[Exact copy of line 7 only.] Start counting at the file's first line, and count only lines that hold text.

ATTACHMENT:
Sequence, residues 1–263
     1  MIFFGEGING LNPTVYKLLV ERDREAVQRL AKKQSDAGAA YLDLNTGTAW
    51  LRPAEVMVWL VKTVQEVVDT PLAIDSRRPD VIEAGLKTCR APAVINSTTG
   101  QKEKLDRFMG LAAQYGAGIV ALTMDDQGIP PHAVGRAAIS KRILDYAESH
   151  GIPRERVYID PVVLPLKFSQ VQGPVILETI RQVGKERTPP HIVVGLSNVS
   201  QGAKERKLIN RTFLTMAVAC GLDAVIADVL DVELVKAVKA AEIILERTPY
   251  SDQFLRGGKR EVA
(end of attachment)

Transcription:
   251  SDQFLRGGKR EVA